Meaningful Names – Clean Code

“If a name requires a comment, then the name does not reveal its intent”

  • Write explicit code – naming variables and methods can reveal the entire intent of the code

  • Avoid using words that would be confusing like “List” as they refer to programming types and could be misleading : accountList should be accounts

  • Avoid using characters that look like numbers i and L or capital o

  • disinformative vs noninformative

    • noise words “data” “info” – noninformative
  • Types should almost never be in a name “table” “string” “object”

  • Names should be distinguished so a user can look at them and understand the differences

  • Use pronounceable names

  • Use searcheable names – longer names trump shorter names

  • Author’s pref – single letter names should only be used as local variables inside small methods – length of the name should correspond to the size of its scope

  • Avoid encoding names

  • Avoid Hungarian Notation with typing as part of the variable name – simply not needed nowadays

  • Stop prefixing member (instance) variables with m_ or _

  • Decorating Interfaces vs Classes with a prefix / suffix – opinion – he prefers

    • ClassImp or vs IType
  • Don’t force someone to map variable names in their mind – n = username…smart programmer vs professional programmer – clarity is king

  • Class names should be nouns – English 101 – NOT VERBS

  • Method names should be verbs

  • Use get, set, is – javabean standard

  • When constructors are overloaded, use static factory methods with explicit names – liked this one, possibly make the constructors private

  • Don’t get cute with naming by means of jokes (inside or well known)

  • Use consistent naming – Get, Set, Controller – makes it easier to understand and code various parts of an application

  • Avoid puns – add for a collection vs add for setting a value – two different meanings with the same name

  • Use technical names such as pattern names or CS terms in your names – other programmers will understand them better than the problem domain in some cases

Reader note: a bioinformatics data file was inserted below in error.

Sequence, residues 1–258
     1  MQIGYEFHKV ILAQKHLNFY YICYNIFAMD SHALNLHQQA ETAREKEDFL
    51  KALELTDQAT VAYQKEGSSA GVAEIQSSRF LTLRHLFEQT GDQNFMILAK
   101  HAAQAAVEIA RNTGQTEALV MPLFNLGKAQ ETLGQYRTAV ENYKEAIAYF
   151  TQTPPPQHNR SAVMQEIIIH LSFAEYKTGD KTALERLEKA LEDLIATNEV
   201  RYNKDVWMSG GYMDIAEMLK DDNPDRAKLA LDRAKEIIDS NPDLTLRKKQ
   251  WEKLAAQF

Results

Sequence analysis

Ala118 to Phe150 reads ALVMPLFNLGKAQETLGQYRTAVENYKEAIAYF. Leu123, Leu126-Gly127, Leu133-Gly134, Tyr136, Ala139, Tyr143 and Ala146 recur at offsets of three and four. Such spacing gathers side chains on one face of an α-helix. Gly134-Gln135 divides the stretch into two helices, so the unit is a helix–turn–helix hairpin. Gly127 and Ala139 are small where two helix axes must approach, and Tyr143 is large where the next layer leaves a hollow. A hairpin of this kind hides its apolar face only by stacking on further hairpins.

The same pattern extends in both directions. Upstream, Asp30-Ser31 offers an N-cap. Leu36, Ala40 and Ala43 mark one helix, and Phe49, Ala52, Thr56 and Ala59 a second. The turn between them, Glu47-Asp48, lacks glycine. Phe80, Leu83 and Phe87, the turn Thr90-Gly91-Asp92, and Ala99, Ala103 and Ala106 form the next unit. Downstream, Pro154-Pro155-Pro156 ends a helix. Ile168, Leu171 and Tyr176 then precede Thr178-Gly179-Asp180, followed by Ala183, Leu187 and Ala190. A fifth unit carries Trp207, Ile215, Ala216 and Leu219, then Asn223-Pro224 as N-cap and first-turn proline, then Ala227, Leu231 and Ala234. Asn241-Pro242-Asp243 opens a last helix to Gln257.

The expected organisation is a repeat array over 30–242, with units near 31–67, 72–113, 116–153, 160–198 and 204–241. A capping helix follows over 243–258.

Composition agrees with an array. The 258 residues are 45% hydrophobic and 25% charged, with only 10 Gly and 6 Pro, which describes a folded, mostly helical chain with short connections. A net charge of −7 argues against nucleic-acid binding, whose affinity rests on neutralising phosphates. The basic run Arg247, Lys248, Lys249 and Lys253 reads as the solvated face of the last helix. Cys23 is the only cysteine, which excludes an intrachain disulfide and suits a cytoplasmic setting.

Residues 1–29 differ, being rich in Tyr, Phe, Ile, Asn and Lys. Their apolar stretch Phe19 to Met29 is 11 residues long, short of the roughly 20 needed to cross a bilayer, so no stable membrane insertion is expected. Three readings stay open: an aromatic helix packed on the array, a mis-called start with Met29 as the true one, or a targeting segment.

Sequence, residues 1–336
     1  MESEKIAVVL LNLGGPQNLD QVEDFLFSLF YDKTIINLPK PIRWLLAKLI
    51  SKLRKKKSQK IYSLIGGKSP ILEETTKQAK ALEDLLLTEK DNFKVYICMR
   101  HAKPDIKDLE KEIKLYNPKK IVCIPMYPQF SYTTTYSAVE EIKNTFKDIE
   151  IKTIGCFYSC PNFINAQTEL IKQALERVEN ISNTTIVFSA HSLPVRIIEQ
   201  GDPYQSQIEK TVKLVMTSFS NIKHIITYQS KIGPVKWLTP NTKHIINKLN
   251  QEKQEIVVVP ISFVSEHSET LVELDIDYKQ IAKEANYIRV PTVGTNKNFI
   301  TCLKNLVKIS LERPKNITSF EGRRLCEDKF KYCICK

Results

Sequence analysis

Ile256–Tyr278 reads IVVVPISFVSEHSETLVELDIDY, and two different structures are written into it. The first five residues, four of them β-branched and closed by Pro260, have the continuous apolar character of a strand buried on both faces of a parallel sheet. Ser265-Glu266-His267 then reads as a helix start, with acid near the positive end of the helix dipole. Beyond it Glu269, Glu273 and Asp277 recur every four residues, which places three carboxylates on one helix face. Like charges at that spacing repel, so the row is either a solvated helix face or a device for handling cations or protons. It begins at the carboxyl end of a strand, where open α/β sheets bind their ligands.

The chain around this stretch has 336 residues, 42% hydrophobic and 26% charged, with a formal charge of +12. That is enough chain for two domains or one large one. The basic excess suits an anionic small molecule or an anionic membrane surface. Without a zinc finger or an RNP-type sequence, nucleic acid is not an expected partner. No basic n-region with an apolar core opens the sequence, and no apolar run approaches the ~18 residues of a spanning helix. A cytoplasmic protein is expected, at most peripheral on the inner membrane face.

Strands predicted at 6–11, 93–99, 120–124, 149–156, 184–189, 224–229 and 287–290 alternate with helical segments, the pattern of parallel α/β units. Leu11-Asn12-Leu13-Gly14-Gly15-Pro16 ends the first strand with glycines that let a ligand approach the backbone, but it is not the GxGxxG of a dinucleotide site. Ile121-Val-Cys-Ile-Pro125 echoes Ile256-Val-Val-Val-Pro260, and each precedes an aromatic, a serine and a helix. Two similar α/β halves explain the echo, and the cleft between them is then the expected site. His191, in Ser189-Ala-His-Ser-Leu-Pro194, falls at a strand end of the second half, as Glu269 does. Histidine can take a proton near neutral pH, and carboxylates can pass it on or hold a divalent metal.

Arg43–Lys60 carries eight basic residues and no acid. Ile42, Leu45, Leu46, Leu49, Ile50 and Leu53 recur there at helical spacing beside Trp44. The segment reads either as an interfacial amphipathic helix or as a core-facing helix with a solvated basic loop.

• Fall back to the problem domain for a name if there is no suitable technical name

  • Adding context to naming can clarify their use – prefixes can work but putting variables into classes may work out better

Tip: Use meaningful names

  • Be descriptive and imply type – E.g. for booleans, you can prefix with is_ or has_ to make it clear it is a condition. You can also use part of speech to imply types, like verbs for functions and nouns for variables.

  • Be consistent but clearly differentiate – E.g. age_list and age is easier to differentiate than ages and age.

  • Avoid abbreviations and especially single letters – (Exception: counters and common math variables) Choosing when these exceptions can be made can be determined based on the audience for your code. If you work with other data scientists, certain variables may be common knowledge. While if you work with full stack engineers, it might be necessary to provide more descriptive names in these cases as well.

  • Long names != descriptive names – You should be descriptive, but only with relevant information. E.g. good functions names describe what they do well without including details about implementation or highly specific uses.

Writing Clean Code: Nice Whitespace

Tip: Use whitespace properly

  • Organize your code with consistent indentation – the standard is to use 4 spaces for each indent. You can make this a default in your text editor.
  • Separate sections with blank lines to keep your code well organized and readable.
  • Try to limit your lines to around 79 characters, which is the guideline given in the PEP 8 style guide. In many good text editors, there is a setting to display a subtle line that indicates where the 79 character limit is.

“Hardest thing about choosing good names is that it requires good descriptive skills and a shared cultural background”

For more guidelines, check out the code layout section of PEP 8 in the notes below.


Writing Clean Code: Nice Whitespace

PEP 8 guidelines for code layout


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